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Album Review: 6th Circle – The Third Estate

We here at Indy Metal Vault all love ourselves some metal and some Indiana (except for me, a Chicago boy who is working to take the site down from the inside as revenge for Super Bowl XLI, but don’t tell my editor please). So, I figure it would only make sense for me to miss the mark on both fronts and take a look at some dark industrial/EBM from Ohio.

6th Circle’s The Third Estate tells you everything you need to know based on the project and album titles alone. The sixth circle of Hell in Dante’s Divine Comedy is the final place for those guilty of heresy, and “The Third Estate” is the proletariat class that constituted 98% of France’s population leading up to the Revolution. Ergo, a solid bet could be made that this is going to be thematically centered around Satanism and some form of ancom uprising. And wouldn’t you know it, 6th Circle is explicitly marketed as “satanist/anarchist electro-industrial.”  Exactly what it says on the tin.

Now, as a breadpilled goat-kisser myself, this is right up my alley. The Third Estate is a fun ride, but actually, something of a difficult one for me to talk about, mostly because this is a style that I haven’t really ensconced myself in since like 2013 or so. I had a brief dark industrial/aggrotech phase around the time when Nachtmahr was a big deal, but out of all of 6th Circle’s stated influences, the only one I’m familiar with is Front Line Assembly. So forgive me if I forego too many actual comparisons here. I just don’t want to compare this project to :wumpscut: or something only to have somebody who knows what they’re talking about show up in the comments to call me an idiot. So approaching this as a metalhead who is in way over his head, the best way to describe The Third Estate would be to say that it’s an understated exercise in rhythmic, thumping dance beats with spooky synth leads and distorted growling vocals. That’s pretty much the whole thing in a nutshell.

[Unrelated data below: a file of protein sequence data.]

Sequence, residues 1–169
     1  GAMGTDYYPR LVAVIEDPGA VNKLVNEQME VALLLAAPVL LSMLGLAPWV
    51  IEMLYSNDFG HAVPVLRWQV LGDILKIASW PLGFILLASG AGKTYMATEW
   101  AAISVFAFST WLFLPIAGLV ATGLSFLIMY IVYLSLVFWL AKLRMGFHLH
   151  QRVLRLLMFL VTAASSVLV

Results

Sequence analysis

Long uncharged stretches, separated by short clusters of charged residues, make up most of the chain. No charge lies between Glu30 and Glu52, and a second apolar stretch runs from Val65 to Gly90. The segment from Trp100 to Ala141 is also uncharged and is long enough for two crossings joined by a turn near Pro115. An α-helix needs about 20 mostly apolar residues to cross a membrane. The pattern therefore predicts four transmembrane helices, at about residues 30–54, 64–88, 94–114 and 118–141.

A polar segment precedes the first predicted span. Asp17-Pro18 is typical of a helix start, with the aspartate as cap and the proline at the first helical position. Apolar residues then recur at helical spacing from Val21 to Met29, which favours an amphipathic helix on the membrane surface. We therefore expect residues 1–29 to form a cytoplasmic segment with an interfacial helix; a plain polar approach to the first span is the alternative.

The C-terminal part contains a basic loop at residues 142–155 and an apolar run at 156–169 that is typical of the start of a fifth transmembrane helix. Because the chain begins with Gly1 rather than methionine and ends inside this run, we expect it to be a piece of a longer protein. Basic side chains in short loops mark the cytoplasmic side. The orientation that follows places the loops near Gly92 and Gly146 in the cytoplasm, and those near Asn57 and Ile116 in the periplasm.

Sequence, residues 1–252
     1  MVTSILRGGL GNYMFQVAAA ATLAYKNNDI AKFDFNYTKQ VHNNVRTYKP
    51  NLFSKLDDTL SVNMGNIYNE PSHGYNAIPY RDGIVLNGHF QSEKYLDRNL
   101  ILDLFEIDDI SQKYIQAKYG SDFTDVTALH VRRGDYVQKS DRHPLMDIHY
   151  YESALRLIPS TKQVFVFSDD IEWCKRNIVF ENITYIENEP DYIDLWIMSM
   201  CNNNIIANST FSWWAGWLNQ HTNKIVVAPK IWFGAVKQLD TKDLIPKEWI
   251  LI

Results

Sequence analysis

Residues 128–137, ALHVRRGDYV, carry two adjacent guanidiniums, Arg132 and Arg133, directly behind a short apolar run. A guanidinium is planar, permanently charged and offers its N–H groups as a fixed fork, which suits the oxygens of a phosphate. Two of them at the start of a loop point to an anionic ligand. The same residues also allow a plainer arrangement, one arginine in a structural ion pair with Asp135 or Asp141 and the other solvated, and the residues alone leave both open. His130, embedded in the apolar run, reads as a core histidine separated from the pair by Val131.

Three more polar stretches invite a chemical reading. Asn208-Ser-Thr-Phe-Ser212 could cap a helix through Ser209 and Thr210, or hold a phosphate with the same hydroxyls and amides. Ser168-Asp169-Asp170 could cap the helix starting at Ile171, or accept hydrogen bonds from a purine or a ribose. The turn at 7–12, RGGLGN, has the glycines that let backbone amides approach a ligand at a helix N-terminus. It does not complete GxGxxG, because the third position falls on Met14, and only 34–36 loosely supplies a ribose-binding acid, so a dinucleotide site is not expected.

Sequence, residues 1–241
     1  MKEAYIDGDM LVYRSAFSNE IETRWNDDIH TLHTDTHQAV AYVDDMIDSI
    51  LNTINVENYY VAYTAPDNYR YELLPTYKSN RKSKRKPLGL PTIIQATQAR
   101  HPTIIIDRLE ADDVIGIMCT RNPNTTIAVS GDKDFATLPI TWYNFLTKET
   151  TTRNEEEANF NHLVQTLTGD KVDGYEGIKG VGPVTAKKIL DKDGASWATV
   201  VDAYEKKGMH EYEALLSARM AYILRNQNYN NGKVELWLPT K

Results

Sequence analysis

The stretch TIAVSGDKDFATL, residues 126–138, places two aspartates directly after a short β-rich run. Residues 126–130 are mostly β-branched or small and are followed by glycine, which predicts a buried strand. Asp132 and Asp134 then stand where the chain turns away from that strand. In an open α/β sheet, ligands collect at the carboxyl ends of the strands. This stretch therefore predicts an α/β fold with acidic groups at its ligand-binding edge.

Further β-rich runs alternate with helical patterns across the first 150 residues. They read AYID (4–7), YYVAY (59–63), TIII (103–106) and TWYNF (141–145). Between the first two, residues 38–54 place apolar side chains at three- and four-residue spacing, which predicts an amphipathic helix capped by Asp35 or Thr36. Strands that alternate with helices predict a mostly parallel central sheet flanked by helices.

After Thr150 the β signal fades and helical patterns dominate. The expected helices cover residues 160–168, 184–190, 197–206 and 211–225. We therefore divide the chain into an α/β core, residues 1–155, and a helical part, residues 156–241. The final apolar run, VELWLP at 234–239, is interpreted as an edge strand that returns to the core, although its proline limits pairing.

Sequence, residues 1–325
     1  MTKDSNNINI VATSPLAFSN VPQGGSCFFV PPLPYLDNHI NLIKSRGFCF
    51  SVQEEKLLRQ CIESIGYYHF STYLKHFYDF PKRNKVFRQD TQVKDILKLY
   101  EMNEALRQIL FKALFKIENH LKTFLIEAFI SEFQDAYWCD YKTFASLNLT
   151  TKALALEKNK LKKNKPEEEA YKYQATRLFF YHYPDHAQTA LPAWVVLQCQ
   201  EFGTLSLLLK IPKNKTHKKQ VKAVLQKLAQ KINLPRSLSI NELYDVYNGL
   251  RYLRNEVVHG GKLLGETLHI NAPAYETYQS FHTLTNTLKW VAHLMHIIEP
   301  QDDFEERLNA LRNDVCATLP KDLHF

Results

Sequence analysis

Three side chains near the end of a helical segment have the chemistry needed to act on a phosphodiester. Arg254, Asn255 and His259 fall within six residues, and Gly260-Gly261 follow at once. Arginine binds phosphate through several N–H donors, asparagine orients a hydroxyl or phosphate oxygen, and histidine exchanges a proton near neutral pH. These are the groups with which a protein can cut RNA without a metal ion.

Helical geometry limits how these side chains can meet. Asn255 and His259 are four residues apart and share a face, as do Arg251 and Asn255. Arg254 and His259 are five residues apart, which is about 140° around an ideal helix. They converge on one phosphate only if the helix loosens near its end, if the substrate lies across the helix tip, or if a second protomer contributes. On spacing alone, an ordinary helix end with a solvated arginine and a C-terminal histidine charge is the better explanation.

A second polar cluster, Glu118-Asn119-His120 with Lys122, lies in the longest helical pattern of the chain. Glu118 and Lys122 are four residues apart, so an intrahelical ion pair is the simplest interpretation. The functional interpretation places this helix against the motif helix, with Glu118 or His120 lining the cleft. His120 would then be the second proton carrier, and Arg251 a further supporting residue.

The problem is that… well, that’s pretty much the whole thing in a nutshell. The reason I fell off from this style as quickly as I did is because I realized that many of these artists don’t have the knack for hooks that I feel are necessary to make it work, and 6th Circle isn’t really all that different. The overall feel of the album is great. It’s very dark and mean, loaded with vaguely danceable beats with a sinister overtone and distorted howling, which is exactly what it sets out to be and exactly what makes the style good, but once you break it down to those base components you quickly realize that there aren’t a whole lot of ideas involved here. The songwriting itself isn’t exceptional enough to break out of the cliches that The Third Estate is built around.  There are flashes of different approaches here and there – notably the distorted guitar making an appearance on “Static” (which coincidentally reminds me of the boss theme from underrated PS1 gem, The Legend of Dragoon), but for the most part it’s just the basic beats with spooky synth jangles the whole time.  “Swallow” has a great hook and the creeping staccato of “Hostile Takeover” works really well for my ears, but overall it’s just kind of a collection of cliches that even I, as a guy mostly familiar with the genre in passing, could swear I’ve heard a hundred times before already.  I was hoping this would reinvigorate my lost love for dark EBM, but instead, it acted as a decent, if unimpressive, reminder of the flood of mid-tier projects that drove me away in the first place.

Take this all with a grain of salt.  I’m a dumb headbanger, not a raver.


The Third Estate was released on October 4th, 2019 via Sentient Ruin and can be found on the band’s Bandcamp for the digital version, or Sentient Ruin for additional vinyl and cassette versions.

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